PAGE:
AN alert has been issued following the discovery of blue-green algae at Lake Bolac.
Parks Victoria issued the alert Wednesday afternoon.
Area Chief Ranger Siobhan Rogan said that although blue-green algae was not uncommon in the lake, it didn’t usually appear so early in the year.
“The blue-green algae blooms appear when there’s the right combination of temperatures, sunlight, stillness and nutrients,” she said.
“While we can’t treat the algae, we’ll continue to monitor water quality and will remove warnings from the lake and our website when the bloom has naturally cleared.
“Given that it’s only early January, this may be some months away still.”
Warning signs have been installed at the lake and Parks Victoria warned people not to swim and to avoid any direct contact with the water.
Direct contact with blue-green algae can cause allergic reactions such as skin rashes or itchiness, sore eyes, ears and nose, and if swallowed gastroenteritis, nausea or vomiting.
Lake Bolac Caravan Park owner Lorraine Deutsch said despite the bad news, some tourists did not seem deterred.
“We have got people out there in boats at the moment, and they have been warned but it’s up to them,” she said.
“As long as they don't go into the water, and if they go water skiing they shower afterwards (they’ll be okay).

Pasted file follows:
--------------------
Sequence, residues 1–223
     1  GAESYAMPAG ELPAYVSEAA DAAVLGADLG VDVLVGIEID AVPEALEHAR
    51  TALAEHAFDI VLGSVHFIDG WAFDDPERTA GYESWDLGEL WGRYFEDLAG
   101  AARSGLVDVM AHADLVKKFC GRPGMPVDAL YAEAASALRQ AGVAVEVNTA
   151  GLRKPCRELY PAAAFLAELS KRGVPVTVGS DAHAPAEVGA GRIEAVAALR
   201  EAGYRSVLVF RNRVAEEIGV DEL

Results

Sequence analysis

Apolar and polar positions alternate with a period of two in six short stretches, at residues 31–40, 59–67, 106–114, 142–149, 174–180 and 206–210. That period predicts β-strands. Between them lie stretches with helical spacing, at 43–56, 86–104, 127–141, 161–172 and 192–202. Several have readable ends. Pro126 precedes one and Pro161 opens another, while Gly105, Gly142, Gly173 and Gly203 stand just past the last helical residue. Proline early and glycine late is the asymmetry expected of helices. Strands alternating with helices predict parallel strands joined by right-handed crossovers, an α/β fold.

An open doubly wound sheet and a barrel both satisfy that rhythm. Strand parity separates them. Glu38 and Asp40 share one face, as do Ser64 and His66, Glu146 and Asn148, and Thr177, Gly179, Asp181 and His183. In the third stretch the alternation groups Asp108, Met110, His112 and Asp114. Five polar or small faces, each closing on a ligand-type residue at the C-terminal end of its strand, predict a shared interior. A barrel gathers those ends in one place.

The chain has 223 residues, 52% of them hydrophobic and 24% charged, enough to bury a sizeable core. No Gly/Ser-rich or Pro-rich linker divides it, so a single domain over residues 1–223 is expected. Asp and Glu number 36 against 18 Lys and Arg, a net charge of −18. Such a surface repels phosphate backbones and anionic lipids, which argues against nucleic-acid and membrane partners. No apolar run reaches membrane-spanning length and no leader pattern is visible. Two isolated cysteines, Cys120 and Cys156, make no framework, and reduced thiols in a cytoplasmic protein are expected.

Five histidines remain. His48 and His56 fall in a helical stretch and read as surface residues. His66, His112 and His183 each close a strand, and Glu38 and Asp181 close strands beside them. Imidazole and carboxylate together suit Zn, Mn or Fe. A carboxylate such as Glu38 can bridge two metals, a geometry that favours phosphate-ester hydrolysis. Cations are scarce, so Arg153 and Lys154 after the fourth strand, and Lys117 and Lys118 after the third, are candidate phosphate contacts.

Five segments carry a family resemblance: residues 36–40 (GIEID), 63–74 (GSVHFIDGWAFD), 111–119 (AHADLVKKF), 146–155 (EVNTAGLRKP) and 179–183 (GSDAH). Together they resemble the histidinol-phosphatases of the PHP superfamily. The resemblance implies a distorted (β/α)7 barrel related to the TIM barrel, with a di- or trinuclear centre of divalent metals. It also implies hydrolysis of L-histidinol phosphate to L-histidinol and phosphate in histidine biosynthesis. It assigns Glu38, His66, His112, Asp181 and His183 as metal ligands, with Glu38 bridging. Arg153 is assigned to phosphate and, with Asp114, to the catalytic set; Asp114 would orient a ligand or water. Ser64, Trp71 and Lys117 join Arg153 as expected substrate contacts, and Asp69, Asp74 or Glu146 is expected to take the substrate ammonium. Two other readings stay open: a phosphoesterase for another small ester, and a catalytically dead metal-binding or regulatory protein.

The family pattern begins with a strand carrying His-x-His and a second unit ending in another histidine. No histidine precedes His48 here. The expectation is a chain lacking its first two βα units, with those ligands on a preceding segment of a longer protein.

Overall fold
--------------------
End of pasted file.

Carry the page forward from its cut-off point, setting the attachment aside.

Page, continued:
“There is a pool at the caravan park people can use, though it doesn't belong to us.”
Mrs Deutsch said others were more cautious.
“We’ve had fishermen cancel because of it, so that’s affected us of course,” she said.
“We also had a couple of cabins cancel.”
Parks Victoria issued the following advice to lake users:
- People who come into contact with contaminated water should wash immediately in fresh water, and seek medical advice if experiencing illness.
- Any fish harvested from blue-green algae affected water should have gills and guts removed prior to cooking.
- People should not eat whole fish, shellfish or crustaceans collected from Lake Bolac.
- The type of algae affecting Lake Bolac produces toxins that can concentrate in shellfish and crustaceans, and accumulate in the liver and internal organs of fish.
- Ingesting blue-green algae toxins can lead to serious illness.
- Water from the affected water body should not be used for drinking, cooking or other domestic uses. Boiling the affected water will not make it safe for use.
- For any health issues experienced after contact with blue-green algae affected water please seek medical advice immediately.
- Irrigators are encouraged to take extra care to avoid spray drift, the pooling of water and inhaling mist from blue-green algae affected water. Affected water should not be sprayed onto leafy vegetables or florets, or allowed to flood pastures.
- Pet owners should prevent pets from drinking or having direct contact with contaminated water.
- Visitors to the area are advised that they can still enjoy other recreational activities such as bush walking, boating and sightseeing around the water body.
- Members of the public are asked to report any potential blue-green algae blooms to their local water manager.
Parks Victoria will continue to monitor conditions and will remove signage once the lake is safe for use.
More information about blue-green algae is available here from Department of Health and Human Services.